Generally speaking, hearsay evidence is not permitted to be considered by the jury in a New York criminal trial. However, there are certain exceptions where a hearsay statement may be properly admitted.
What Is Hearsay?
The concept of hearsay can be complex to grasp, but essentially a hearsay statement is one that was made by a party who is not present to testify in court. A statement is only hearsay if it is testimonial, meaning it is being used for “proof of the matter asserted.” Thus, if the statement is not being used to prove that which was said, it will not be considered hearsay.
Why Is Hearsay Prohibited?
The rationale for the hearsay exclusion is based on the fact that the party who made the statement is not in court to explain what was meant and is not subject to cross-examination. For example, sarcasm may not come across when a statement is relayed at a later date through a third party. In criminal trials, there is also the concern that the person making the statement cannot be cross-examined, depriving the defendant of their confrontation rights under the Confrontation Clause of the Constitution.
Court Concludes Non-Present Witness’ Statement Is Not Hearsay
As noted above, there are numerous exceptions to the hearsay exclusion. Recently, a state appellate court issued an opinion discussing whether a witness’ statement was properly admitted against the defendant, who was charged with a New York assault crime.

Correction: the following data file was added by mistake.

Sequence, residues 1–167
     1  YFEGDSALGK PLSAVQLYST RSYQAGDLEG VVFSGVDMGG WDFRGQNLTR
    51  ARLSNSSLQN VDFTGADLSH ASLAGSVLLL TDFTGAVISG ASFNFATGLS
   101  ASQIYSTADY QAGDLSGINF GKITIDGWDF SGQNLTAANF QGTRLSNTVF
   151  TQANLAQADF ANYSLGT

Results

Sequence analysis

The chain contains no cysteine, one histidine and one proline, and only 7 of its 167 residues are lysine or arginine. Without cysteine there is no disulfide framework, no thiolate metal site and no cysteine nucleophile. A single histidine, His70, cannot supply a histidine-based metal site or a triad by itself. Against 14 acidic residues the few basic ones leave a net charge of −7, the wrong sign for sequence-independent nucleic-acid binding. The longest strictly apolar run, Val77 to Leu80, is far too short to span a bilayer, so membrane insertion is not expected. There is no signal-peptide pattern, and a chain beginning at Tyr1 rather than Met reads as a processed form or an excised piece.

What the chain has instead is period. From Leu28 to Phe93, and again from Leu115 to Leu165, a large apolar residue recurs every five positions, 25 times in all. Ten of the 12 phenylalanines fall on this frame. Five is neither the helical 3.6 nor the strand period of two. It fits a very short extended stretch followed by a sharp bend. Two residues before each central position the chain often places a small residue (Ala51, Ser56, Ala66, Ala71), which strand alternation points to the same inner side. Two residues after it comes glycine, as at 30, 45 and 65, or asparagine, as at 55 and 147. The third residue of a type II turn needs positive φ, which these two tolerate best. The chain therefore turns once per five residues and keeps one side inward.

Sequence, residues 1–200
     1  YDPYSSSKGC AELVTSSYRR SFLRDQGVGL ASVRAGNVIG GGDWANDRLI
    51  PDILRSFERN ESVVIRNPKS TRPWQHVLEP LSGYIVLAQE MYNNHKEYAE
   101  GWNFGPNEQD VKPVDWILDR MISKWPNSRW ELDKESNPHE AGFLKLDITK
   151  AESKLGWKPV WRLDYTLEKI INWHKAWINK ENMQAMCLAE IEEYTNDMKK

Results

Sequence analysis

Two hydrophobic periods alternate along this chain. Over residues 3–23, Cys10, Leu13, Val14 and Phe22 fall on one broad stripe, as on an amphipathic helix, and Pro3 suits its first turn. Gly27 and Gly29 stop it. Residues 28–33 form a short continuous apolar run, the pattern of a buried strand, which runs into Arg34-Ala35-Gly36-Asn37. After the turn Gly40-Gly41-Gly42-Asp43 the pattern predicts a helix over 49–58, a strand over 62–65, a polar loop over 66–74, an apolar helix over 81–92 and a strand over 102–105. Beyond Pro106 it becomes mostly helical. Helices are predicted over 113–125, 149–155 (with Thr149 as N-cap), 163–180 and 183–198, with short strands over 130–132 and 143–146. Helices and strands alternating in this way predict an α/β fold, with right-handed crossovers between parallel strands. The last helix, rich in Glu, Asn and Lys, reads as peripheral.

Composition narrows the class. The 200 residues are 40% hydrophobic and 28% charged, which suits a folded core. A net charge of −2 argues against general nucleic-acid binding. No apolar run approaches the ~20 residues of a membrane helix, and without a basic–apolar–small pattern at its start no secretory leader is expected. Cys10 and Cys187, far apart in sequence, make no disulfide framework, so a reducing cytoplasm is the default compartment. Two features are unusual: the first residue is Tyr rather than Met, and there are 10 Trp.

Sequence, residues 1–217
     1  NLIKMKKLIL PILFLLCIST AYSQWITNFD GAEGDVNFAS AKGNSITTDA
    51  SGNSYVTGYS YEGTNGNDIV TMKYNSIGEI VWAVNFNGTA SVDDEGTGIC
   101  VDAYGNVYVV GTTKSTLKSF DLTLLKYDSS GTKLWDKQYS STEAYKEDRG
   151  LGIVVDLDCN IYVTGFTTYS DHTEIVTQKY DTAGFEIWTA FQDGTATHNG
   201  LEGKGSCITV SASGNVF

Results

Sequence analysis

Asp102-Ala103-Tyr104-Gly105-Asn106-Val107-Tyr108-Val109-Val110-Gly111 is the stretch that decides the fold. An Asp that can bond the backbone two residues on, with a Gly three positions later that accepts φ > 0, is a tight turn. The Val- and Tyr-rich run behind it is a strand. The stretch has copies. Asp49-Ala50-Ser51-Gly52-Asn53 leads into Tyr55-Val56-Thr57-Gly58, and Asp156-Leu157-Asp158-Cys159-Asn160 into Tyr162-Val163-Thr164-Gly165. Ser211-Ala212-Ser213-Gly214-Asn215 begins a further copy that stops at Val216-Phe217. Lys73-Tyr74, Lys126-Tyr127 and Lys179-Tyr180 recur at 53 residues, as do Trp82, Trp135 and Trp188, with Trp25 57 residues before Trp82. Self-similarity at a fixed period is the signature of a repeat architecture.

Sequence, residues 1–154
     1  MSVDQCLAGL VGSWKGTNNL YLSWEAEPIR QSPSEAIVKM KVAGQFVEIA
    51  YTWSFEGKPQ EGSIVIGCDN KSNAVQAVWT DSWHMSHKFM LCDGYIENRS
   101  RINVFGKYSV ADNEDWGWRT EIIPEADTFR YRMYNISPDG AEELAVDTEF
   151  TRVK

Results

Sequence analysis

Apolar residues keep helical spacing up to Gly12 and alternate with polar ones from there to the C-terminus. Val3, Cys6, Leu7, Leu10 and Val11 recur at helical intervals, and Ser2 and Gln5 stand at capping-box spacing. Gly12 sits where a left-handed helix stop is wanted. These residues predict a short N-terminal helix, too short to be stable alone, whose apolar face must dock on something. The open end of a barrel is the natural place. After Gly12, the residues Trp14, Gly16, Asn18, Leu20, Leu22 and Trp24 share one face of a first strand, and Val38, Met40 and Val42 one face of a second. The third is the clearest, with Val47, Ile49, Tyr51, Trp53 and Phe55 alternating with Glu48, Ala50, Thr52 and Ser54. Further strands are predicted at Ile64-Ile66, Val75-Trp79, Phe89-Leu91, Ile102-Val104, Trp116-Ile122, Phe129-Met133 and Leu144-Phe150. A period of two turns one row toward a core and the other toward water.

According to the court’s opinion, police arrived on the scene of a knife assault and were met by a witness who told them that the defendant was the perpetrator and pointed out the direction in which he fled. Police explained the witness was “frantic,” and the statement was made shortly after they arrived on the scene. The witness was not called to testify against the defendant, but the witness’ statement came into evidence through the testimony of the police officer.
The defendant argued that the witness’ statement was inadmissible as hearsay evidence. The trial court overruled the defendant’s objection, and the defendant was ultimately found guilty. The defendant appealed; however, the court concluded that the statement was non-testimonial because it was given to a law enforcement officer whose “primary purpose was to determine what had happened and to ensure the safety of other persons,” rather than to arrest and prosecute the person who committed the alleged stabbing. Interestingly, the appellate court did not base its decision on the same grounds as the lower court, which had held that the statement was an “excited utterance.”
There are numerous exceptions to the general rule that hearsay is not admissible. The exceptions each are complex in the application of the exceptions but are generally statements which have some inherent reliability. For example, an “excited utterance” may be admissible at a trial because it is generally believed that a person who is affected by a traumatic event that occurred immediately before the event probably would not have the where-with-all to make up an false statements. Other exceptions like dying declarations, statements against penal interest, present sense perception are all believed to have some inherent reliability.
Hearsay, and the rules of evidence generally are complex and require an experienced trial attorney to help navigate.
Have You Been Arrested for a New York Crime?
If you have recently been arrested and charged with any serious felony or misdemeanor offense, contact the dedicated New York criminal defense attorneys at Tilem & Associates. At Tilem & Associates, we represent clients who are charged with all New York crimes, including drug and gun crimes. To learn more about how we can help you defend against the charges you are facing, call 877-377-8666 to schedule a free consultation today.